This week the FDA renewed a warning it had first sounded last year about the antibiotic azithromycin. But it wasn’t just a reminder that the drug, whose brand name is Zithromax, or Zmax, carries risks-this was a graver assessment that azithromycin can cause the heart’s electrical rhythms to change which, for some people, can be fatal.
As widely noted in the media, including the New York Times, the initial warning came on the heels of research published in the New England Journal of Medicine (NEJM) last spring. Since then, warning labels have been included on the drug’s packaging, and the FDA has been reviewing the study.
The data showed a modest increase in the likelihood of death in people with a five-day course of azithromycin compared with patients treated with other antibiotics including amoxicillin (Amoxil) and ciprofloxacin (Cipro, Proquin).
As The Times notes, azithromycin was believed to be safer than a couple of other related antibiotics, erythromycin (Erythromycin) and clarithromycin (Biaxin), which also can raise the risk of death. But it has leapfrogged those drugs in concern over heart problems. The new, more serious FDA warning says patients at risk of the heart arrhythmia include the elderly and those with a history of heart problems, low blood levels of potassium or magnesium, slow heart rates and anyone taking medication that slows the heart rate.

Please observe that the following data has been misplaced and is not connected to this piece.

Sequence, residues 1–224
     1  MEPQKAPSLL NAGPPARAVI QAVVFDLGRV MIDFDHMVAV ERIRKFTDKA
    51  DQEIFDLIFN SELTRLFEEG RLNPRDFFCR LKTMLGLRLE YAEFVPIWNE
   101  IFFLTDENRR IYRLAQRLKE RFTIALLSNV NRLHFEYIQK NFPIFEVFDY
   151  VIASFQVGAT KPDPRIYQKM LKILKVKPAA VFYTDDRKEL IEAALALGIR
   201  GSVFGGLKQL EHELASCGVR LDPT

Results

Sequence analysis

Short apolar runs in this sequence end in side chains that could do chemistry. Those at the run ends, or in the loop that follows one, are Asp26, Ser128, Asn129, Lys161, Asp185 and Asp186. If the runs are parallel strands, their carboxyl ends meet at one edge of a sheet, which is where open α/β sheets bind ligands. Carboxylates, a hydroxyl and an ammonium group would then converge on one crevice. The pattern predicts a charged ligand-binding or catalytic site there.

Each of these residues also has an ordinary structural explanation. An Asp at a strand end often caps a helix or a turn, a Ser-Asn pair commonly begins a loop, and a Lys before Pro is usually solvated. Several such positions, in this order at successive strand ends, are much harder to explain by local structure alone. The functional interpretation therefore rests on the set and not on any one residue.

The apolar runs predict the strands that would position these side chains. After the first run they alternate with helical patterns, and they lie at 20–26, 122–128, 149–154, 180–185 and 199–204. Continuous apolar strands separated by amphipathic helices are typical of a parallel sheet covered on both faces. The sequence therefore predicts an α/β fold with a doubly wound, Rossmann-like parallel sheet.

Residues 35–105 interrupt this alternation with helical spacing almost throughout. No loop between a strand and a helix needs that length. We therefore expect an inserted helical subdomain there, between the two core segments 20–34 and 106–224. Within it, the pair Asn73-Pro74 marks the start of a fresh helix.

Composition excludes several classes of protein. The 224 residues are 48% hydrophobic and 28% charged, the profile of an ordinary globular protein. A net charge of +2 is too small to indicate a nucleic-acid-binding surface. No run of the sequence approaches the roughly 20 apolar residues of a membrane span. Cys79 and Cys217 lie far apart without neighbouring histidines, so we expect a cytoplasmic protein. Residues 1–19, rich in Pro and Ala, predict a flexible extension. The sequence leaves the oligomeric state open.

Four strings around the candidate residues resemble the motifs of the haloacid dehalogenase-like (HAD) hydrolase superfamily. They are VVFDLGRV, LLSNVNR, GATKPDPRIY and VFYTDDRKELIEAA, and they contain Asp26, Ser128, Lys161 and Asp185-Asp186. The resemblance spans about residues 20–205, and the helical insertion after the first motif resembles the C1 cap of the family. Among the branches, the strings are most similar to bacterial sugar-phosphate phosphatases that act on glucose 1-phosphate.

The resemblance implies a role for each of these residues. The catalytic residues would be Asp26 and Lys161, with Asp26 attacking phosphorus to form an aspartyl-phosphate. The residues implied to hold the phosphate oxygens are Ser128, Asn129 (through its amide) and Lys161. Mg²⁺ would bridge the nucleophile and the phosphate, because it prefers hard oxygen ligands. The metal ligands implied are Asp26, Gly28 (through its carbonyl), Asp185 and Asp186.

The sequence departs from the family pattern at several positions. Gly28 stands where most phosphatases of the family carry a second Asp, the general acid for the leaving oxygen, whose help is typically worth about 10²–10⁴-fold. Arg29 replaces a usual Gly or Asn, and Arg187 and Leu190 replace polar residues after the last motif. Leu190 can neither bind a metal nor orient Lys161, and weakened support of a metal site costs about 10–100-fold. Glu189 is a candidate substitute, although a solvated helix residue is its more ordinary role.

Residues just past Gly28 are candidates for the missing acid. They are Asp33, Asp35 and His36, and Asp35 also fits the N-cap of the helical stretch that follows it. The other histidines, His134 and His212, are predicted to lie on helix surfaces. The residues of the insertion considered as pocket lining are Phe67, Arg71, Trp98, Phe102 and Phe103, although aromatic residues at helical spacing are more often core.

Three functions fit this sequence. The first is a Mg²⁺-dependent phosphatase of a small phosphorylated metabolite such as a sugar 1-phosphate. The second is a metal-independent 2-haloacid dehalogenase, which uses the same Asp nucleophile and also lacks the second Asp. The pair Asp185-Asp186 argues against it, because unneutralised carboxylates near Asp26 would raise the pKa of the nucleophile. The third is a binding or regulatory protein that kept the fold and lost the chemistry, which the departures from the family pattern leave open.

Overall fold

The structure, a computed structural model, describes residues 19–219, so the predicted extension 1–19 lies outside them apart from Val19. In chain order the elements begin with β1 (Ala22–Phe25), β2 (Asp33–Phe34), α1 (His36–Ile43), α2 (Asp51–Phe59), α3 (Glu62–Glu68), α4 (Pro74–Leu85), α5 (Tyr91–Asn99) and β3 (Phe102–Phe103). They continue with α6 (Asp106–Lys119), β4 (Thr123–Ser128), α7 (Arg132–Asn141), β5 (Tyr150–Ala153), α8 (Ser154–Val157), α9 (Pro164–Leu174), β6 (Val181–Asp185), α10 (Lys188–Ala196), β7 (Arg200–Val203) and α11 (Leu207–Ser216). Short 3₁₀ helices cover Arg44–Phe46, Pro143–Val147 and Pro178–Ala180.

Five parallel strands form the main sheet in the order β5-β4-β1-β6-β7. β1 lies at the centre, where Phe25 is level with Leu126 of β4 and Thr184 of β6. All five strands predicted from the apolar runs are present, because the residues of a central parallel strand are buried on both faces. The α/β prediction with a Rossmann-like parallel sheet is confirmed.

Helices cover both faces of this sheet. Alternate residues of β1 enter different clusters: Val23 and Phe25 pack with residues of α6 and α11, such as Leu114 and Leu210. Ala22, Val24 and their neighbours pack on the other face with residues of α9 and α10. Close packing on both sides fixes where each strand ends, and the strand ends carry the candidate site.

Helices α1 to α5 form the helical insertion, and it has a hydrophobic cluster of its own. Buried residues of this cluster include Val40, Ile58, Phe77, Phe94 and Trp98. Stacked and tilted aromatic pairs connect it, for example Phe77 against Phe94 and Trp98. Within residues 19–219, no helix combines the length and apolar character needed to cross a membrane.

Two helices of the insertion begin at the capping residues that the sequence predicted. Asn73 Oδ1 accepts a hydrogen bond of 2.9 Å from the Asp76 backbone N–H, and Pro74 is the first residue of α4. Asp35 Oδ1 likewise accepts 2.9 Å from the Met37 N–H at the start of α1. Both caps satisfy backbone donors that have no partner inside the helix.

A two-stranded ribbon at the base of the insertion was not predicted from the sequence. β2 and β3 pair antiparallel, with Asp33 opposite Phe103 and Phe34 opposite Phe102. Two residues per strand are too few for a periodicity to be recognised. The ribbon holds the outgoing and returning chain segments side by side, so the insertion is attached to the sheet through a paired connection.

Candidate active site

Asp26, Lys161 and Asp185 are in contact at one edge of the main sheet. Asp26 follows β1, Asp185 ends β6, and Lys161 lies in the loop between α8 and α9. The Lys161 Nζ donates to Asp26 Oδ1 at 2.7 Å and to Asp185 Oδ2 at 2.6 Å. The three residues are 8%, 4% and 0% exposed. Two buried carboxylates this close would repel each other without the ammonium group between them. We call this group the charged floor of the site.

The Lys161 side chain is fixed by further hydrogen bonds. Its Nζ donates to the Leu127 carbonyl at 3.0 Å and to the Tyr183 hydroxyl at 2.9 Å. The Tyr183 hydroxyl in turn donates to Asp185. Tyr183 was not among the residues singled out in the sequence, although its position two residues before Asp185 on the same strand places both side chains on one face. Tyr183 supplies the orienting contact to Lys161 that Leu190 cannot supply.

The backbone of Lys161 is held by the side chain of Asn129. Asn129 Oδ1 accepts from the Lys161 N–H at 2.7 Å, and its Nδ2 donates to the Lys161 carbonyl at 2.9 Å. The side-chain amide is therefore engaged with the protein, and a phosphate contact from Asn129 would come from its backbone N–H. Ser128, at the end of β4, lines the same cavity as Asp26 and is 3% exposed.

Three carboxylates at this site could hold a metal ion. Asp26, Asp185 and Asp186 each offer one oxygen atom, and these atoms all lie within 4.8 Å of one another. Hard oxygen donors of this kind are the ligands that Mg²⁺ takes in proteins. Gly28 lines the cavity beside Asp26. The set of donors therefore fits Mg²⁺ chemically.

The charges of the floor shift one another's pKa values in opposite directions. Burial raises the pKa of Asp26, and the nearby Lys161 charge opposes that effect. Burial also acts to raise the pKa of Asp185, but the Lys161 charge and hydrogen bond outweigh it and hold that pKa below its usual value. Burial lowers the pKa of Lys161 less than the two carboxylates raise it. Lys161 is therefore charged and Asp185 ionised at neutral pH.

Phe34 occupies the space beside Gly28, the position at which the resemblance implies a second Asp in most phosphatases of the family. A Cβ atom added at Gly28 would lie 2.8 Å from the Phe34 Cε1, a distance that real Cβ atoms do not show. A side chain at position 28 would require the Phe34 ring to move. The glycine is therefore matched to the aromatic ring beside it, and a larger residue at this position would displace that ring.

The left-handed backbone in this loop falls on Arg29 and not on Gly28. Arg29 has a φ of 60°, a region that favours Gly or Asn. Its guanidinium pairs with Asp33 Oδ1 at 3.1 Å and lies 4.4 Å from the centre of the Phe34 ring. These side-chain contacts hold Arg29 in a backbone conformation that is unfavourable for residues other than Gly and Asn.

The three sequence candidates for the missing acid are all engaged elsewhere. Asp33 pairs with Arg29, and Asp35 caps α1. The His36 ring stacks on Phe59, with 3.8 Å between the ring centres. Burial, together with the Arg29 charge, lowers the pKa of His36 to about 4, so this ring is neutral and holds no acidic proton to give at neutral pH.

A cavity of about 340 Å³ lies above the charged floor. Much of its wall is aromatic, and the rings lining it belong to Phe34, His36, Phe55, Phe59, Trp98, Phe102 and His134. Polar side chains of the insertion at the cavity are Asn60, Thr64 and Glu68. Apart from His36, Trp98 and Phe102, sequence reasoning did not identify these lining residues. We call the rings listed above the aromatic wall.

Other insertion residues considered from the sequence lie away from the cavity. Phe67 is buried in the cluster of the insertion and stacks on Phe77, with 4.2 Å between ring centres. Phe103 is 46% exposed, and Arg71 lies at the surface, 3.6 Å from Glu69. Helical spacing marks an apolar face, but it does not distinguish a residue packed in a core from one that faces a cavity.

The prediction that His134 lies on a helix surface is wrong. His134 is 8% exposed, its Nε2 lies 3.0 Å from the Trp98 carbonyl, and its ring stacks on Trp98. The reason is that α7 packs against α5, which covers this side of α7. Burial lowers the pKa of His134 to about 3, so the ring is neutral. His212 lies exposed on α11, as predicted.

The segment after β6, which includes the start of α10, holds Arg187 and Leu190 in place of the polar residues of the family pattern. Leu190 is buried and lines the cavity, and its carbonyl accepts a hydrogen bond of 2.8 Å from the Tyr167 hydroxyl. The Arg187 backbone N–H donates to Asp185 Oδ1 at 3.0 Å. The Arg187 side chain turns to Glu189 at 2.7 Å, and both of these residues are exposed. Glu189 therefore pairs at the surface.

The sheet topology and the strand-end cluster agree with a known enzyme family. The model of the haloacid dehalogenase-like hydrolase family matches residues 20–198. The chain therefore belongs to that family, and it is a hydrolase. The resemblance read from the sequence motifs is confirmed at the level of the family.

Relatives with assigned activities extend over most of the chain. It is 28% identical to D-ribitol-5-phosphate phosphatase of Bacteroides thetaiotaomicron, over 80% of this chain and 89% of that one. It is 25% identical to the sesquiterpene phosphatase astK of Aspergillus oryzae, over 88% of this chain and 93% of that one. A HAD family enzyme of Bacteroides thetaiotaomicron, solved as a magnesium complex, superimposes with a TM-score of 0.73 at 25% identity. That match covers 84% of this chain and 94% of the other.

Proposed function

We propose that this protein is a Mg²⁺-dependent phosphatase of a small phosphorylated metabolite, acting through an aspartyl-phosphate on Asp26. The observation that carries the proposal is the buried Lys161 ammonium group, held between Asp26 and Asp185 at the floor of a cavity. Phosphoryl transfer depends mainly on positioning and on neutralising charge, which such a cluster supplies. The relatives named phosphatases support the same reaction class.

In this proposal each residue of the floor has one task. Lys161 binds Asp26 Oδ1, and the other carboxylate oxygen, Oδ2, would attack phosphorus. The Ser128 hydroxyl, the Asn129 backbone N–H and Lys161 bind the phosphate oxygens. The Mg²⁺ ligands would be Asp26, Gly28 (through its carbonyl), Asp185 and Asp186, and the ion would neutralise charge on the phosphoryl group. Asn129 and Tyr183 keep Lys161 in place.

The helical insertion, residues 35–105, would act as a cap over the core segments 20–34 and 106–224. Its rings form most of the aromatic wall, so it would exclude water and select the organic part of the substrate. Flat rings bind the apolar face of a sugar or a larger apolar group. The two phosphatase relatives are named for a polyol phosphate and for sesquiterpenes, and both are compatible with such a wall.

People typically are prescribed azithromycin for bacterial infections such as bronchitis and pneumonia, sore throats and earaches. Commonly called “Z-Pak,” it’s taken for five days, which most people find preferable to many other antibiotics that must be taken for twice as long.
If you are taking azithromycin or if your doctor prescribes it, ask about the cardiac risks of the drug. Ask if any other drugs you take slow your heart rate. Ask if another antibiotic in the same class (macrolides), or a different class, such as fluoroquinolones (levofloxacin, moxifloxacin, norfloxacin) can be substituted for azithromycin. Like all drugs, they, too have potential risks and side effects, but do not present the cardiac risks of azithromycin.
*This post was edited to correct the distinction of antibiotic classes.